Online Journal of Communication and Media Technologies

Rethinking Media and Technology: What the Kennedy-Nixon Debate Myth Can Really Teach Us
  • Article Type: Research Article
  • Online Journal of Communication and Media Technologies, 2015 - Volume 5 Issue 2, pp. 143-156
  • Published Online: 15 Apr 2015
  • Article Views: 10 | Article Download: 5
  • Open Access Full Text (PDF)
AMA 10th edition
In-text citation: (1), (2), (3), etc.
Reference: Hillier PM. Rethinking Media and Technology: What the Kennedy-Nixon Debate Myth Can Really Teach Us. Online Journal of Communication and Media Technologies. 2015;5(2), 143-156.
APA 6th edition
In-text citation: (Hillier, 2015)
Reference: Hillier, P. M. (2015). Rethinking Media and Technology: What the Kennedy-Nixon Debate Myth Can Really Teach Us. Online Journal of Communication and Media Technologies, 5(2), 143-156.
Chicago
In-text citation: (Hillier, 2015)
Reference: Hillier, Paul Myron. "Rethinking Media and Technology: What the Kennedy-Nixon Debate Myth Can Really Teach Us". Online Journal of Communication and Media Technologies 2015 5 no. 2 (2015): 143-156.
Harvard
In-text citation: (Hillier, 2015)
Reference: Hillier, P. M. (2015). Rethinking Media and Technology: What the Kennedy-Nixon Debate Myth Can Really Teach Us. Online Journal of Communication and Media Technologies, 5(2), pp. 143-156.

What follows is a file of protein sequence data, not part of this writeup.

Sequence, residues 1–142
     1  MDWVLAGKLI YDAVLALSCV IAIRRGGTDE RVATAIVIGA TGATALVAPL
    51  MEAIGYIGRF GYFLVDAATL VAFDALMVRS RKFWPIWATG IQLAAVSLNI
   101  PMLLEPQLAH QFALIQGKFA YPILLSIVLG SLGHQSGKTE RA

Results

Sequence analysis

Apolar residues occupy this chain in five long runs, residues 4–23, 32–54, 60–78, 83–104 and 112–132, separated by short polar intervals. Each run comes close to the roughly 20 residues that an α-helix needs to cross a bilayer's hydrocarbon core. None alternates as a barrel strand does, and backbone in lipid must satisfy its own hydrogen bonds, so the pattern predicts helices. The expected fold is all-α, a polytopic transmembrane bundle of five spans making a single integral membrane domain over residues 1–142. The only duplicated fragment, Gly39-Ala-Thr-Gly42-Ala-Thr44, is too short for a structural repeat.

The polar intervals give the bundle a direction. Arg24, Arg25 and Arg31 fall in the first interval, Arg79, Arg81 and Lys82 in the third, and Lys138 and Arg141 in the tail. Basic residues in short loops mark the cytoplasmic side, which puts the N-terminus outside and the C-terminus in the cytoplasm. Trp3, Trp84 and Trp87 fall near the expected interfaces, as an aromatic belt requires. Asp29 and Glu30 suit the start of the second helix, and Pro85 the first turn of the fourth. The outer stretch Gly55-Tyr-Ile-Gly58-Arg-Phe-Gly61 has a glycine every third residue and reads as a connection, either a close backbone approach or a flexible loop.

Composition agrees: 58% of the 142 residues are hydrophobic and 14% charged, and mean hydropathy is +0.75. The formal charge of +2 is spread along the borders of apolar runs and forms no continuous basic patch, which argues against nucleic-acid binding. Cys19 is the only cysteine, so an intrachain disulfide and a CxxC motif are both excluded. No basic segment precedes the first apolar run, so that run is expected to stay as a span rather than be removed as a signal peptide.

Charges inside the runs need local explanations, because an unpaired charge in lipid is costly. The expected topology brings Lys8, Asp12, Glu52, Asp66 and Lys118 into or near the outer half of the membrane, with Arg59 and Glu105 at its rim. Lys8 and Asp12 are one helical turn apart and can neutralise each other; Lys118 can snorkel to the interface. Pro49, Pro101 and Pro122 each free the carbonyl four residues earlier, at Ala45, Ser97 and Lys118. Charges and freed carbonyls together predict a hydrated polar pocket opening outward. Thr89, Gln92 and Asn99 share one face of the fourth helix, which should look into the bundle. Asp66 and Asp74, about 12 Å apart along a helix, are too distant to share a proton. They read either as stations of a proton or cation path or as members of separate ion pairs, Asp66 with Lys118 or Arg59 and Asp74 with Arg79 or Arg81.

MLA
In-text citation: (Hillier, 2015)
Reference: Hillier, Paul Myron "Rethinking Media and Technology: What the Kennedy-Nixon Debate Myth Can Really Teach Us". Online Journal of Communication and Media Technologies, vol. 5, no. 2, 2015, pp. 143-156.
Vancouver
In-text citation: (1), (2), (3), etc.
Reference: Hillier PM. Rethinking Media and Technology: What the Kennedy-Nixon Debate Myth Can Really Teach Us. Online Journal of Communication and Media Technologies. 2015;5(2):143-56.

Abstract

The presumption that communication technologies – TV, the Internet, social media – have fundamentally changed society has a deep cultural resonance. Indeed, the predominant framework for theorizing “media” – within both the academy and in popular culture more broadly – is rooted in technological determinist presumptions. The primary goal of this article is to challenge this framework, to demonstrate the ways it is incompatible with critical theory, and to make as case for a method and tradition that more productively problematizes technology itself. Taking on one of the most repeated claims and examples for the “effects” of media technologies, the Kennedy-Nixon debate, the article makes a case that a limited, binary theoretical model has fundamentally influenced the deductions. What’s at stake here is how to properly theorize media technologies and propose solutions to social problems and issues.

References

---

License

This is an open access article distributed under the Creative Commons Attribution License which permits unrestricted use, distribution, and reproduction in any medium, provided the original work is properly cited.